Manual Labor

Dick and Jane are playing a game. Each holds up one or two fingers. If the total number of fingers is odd, then Dick pays Jane that number of dollars. If it’s even, then Jane pays Dick:

manual labor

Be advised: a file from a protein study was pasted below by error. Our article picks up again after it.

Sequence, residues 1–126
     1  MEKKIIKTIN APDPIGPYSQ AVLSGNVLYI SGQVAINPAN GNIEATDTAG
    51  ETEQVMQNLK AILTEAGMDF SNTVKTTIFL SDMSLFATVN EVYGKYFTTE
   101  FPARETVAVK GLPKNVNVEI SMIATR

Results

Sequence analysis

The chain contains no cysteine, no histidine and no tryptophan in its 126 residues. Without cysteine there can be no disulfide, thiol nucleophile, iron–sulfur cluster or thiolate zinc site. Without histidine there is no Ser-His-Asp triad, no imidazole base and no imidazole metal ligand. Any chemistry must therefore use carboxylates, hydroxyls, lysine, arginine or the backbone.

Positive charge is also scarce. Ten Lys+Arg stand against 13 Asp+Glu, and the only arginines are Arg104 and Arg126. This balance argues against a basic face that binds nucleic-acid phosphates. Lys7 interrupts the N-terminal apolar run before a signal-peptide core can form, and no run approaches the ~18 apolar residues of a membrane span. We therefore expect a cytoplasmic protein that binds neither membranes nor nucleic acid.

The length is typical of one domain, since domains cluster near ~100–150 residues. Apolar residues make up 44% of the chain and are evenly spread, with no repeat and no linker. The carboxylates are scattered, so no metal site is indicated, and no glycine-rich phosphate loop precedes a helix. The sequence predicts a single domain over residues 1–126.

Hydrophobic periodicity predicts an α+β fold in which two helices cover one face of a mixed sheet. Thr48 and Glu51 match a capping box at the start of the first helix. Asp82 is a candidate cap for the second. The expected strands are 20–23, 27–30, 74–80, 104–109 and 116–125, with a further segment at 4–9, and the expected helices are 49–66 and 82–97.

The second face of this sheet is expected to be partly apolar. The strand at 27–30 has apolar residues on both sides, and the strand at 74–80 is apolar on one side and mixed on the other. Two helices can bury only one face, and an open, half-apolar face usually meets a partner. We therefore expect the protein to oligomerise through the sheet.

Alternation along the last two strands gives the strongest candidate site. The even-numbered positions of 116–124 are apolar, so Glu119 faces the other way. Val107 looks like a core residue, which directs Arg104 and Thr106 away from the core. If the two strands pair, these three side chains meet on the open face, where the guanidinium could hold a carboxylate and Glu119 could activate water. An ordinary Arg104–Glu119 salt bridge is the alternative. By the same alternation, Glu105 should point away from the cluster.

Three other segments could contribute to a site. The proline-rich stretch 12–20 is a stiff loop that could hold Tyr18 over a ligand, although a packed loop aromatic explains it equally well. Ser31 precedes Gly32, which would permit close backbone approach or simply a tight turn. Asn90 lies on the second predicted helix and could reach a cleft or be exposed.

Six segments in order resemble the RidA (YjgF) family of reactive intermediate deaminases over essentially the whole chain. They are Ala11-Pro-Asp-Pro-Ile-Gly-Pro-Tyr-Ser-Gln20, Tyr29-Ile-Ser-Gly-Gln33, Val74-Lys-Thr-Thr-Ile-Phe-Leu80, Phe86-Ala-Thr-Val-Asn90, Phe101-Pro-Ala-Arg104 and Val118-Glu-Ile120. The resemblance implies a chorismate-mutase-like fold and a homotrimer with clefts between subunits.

At first blush this looks fair, but in fact it’s distinctly favorable for Jane. Let p be the proportion of times that Jane holds up one finger. Her average winnings when Dick holds up one finger are -2p + 3(1 – p), and her average winnings when he holds up two fingers are 3p – 4(1 – p). If she sets those equal to one another she gets p = 7/12. This means that if she raises one finger with probability 7/12, then on average she’ll win -2(7/12) + 3(5/12) = 1/12 dollar every round, no matter what Dick does. Dick’s best strategy is also to raise one finger 7/12 of the time, but the best this can do is to restrict his loss to 1/12 dollar on average. It’s not a fair game.